# Stats question , have work and answer shown

1. Nov 6, 2008

### deaky220

1. The problem statement, all variables and given/known data

i didnt know which forum stats is posted in so i posted it here, but the problem says the q is , Sheilas measure glucose level one hour after a sugary drink varies according to the normal distribution (u= 125 mg/dl) and r=10 mg/dl. What is the level L such that there is a probability only 0.05 that the mean glucose level of 4 test results falls above L?

2. Relevant equations

x= u(mew) + z*r

3. The attempt at a solution
I did a backwards normal calculation of x= 125 + .5199 (from table A probs) * 10 = 130.199

i think its right but i dunno, does the 4 play a part in my equation or is this the wrong way to do it? ANY information would be helpful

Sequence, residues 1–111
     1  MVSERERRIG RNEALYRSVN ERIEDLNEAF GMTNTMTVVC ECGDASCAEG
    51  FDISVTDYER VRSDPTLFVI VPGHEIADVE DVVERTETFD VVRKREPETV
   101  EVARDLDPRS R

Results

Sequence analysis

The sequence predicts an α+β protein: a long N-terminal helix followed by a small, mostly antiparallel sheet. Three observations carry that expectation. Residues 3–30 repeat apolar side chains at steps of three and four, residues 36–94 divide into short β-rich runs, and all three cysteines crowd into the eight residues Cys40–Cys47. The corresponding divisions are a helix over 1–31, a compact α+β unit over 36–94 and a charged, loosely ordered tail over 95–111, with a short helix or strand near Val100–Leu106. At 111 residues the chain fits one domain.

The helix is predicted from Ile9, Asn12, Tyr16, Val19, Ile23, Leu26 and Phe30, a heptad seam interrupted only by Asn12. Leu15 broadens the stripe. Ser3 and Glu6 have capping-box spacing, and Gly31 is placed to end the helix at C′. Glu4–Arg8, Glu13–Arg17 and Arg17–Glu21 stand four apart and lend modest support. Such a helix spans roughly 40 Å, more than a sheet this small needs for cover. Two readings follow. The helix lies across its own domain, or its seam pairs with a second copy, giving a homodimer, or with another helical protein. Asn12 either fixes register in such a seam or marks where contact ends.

2. Nov 6, 2008

### HallsofIvy

Staff Emeritus
Yes, it does. The average of n samples from a population with mean $mu$ and standard deviation $\sigma$ is normally distributed with mean $mu$ and standard deviation $\sigma\sqrt{n}$. Notice that means that the larger sample you have the smaller its standard deviation is and the more "accurate" it is.